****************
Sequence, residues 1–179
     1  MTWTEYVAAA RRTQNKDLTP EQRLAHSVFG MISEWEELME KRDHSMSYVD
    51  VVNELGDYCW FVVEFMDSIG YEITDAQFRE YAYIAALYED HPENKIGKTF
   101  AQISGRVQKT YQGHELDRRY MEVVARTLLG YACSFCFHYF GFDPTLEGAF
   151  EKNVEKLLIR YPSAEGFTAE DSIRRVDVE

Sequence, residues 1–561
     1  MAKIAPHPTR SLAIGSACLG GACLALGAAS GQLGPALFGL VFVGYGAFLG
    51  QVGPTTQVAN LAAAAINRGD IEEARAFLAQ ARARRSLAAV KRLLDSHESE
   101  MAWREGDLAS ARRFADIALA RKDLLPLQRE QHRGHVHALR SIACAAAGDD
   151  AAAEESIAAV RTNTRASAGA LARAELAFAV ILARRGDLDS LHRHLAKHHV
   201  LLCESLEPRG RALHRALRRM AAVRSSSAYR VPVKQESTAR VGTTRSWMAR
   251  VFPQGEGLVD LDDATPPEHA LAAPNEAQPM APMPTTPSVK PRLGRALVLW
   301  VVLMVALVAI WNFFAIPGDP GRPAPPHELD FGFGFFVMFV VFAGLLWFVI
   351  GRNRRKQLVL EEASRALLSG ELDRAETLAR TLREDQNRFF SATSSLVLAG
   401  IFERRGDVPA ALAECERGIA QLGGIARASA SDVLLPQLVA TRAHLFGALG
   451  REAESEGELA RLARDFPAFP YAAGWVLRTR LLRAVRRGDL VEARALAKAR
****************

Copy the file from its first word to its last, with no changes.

Sequence, residues 1–179
     1  MTWTEYVAAA RRTQNKDLTP EQRLAHSVFG MISEWEELME KRDHSMSYVD
    51  VVNELGDYCW FVVEFMDSIG YEITDAQFRE YAYIAALYED HPENKIGKTF
   101  AQISGRVQKT YQGHELDRRY MEVVARTLLG YACSFCFHYF GFDPTLEGAF
   151  EKNVEKLLIR YPSAEGFTAE DSIRRVDVE

Sequence, residues 1–561
     1  MAKIAPHPTR SLAIGSACLG GACLALGAAS GQLGPALFGL VFVGYGAFLG
    51  QVGPTTQVAN LAAAAINRGD IEEARAFLAQ ARARRSLAAV KRLLDSHESE
   101  MAWREGDLAS ARRFADIALA RKDLLPLQRE QHRGHVHALR SIACAAAGDD
   151  AAAEESIAAV RTNTRASAGA LARAELAFAV ILARRGDLDS LHRHLAKHHV
   201  LLCESLEPRG RALHRALRRM AAVRSSSAYR VPVKQESTAR VGTTRSWMAR
   251  VFPQGEGLVD LDDATPPEHA LAAPNEAQPM APMPTTPSVK PRLGRALVLW
   301  VVLMVALVAI WNFFAIPGDP GRPAPPHELD FGFGFFVMFV VFAGLLWFVI
   351  GRNRRKQLVL EEASRALLSG ELDRAETLAR TLREDQNRFF SATSSLVLAG
   401  IFERRGDVPA ALAECERGIA QLGGIARASA SDVLLPQLVA TRAHLFGALG
   451  REAESEGELA RLARDFPAFP YAAGWVLRTR LLRAVRRGDL VEARALAKAR